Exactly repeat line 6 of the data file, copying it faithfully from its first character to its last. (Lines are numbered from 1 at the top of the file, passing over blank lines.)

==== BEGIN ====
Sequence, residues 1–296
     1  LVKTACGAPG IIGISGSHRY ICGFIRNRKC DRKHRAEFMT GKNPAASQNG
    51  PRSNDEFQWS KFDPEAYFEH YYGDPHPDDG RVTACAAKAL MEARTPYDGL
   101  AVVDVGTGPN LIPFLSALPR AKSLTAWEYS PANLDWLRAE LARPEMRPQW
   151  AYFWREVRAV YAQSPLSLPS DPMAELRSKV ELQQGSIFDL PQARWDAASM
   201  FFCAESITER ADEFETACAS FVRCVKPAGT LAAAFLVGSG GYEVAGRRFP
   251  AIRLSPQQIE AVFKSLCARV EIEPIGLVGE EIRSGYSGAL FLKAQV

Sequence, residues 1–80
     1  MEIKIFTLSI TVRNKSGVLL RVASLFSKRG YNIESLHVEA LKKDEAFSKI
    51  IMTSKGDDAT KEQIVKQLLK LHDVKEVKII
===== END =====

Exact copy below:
   201  FFCAESITER ADEFETACAS FVRCVKPAGT LAAAFLVGSG GYEVAGRRFP